Time again for one of the year's big decisions. Where's the family going to spend its summer vacation? Not a question to be taken lightly, especially in workaholic Washington. Summer vacations possess a mystical quality, imbued with winter-born dreams of outdoor pleasures under a sparkling sun. They are also an uninterrupted opportunity for parents and offspring to enjoy each other's company under the most advantageous circumstances.
But like anything that's important, family vacations take thought and planning and the kind of research you put into any purchase that costs hundreds or even thousands of dollars. They can be a gamble, too, ending perhaps in irritable squabbles instead of pleasant memories.
Many Washington families head for the beach each summer, and that's a near-perfect family vacation if nobody minds sand in the swimming suit. Only when the rain falls for a second day do the spats begin to erupt.
Now, there's certainly no way to guarantee a good time for everyone, no matter what the vacation, but we've picked six other holidays made-to-order for outdoor family fun -- holidays that offer a change of pace, new vistas and the shared fun and camaradarie of learning new skills together. The vacations include a trip to a nearby Virginia mountain getaway, a couple of exciting wilderness adventures and a lodging bargain in a famous Rocky Mountain resort.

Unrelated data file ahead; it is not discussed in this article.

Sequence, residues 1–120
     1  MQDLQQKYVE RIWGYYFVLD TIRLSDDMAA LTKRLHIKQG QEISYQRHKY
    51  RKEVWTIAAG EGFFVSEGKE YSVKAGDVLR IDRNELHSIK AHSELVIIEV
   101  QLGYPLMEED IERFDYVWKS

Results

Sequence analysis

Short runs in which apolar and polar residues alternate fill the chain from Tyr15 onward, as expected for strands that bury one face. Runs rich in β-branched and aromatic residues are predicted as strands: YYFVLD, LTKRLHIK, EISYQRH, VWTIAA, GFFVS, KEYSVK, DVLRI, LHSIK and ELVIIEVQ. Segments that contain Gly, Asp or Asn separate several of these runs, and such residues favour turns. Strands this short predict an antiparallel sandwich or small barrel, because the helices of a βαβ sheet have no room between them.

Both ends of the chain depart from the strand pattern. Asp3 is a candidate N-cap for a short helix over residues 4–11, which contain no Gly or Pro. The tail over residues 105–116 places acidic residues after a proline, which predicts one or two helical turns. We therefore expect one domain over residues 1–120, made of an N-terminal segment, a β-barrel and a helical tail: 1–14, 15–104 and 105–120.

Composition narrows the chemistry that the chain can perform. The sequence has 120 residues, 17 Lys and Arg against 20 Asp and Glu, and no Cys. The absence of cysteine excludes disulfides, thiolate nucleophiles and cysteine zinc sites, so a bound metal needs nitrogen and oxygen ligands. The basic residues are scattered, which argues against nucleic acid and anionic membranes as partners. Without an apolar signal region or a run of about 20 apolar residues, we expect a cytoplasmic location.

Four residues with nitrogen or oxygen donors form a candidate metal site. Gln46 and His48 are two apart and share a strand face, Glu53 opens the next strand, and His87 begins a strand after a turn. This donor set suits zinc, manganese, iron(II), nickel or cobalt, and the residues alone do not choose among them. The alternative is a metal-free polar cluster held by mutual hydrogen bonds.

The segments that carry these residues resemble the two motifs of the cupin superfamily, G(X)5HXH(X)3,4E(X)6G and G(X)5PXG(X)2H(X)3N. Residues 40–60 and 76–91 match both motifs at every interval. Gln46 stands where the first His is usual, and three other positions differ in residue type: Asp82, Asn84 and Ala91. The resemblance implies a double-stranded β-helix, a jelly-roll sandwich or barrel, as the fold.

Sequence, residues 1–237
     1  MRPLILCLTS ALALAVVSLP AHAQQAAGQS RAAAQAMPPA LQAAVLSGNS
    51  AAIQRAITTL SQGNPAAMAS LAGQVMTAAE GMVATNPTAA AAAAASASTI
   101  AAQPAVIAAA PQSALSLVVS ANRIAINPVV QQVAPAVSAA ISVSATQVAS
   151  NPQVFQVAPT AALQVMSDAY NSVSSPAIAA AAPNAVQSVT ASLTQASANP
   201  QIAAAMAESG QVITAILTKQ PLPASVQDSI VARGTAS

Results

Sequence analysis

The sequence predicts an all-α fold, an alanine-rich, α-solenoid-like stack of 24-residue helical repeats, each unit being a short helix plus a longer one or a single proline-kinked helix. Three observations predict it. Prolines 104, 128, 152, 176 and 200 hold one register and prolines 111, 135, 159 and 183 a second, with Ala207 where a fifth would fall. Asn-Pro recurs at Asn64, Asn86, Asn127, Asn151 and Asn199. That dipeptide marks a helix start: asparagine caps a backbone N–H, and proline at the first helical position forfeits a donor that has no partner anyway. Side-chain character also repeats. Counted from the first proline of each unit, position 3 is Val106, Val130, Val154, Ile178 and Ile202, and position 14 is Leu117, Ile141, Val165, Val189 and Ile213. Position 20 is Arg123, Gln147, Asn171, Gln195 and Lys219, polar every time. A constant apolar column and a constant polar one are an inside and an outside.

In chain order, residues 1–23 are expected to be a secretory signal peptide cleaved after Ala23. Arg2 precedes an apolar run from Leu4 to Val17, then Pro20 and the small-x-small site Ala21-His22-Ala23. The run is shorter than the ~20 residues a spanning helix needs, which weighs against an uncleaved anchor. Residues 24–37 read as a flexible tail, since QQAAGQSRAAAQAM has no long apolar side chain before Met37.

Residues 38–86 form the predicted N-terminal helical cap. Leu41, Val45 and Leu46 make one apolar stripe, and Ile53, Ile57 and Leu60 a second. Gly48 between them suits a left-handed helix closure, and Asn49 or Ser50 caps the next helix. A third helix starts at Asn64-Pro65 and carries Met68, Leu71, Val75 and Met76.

The possibilities for family vacations are endless, given the infinite variety of interests of American parents and their children. But parents with plenty of traveling experience suggest rethinking any plans for sightseeing trips by car, especially with younger children, and that advice is good. The potential for discord climbs as the wearying miles and hours continue to mount.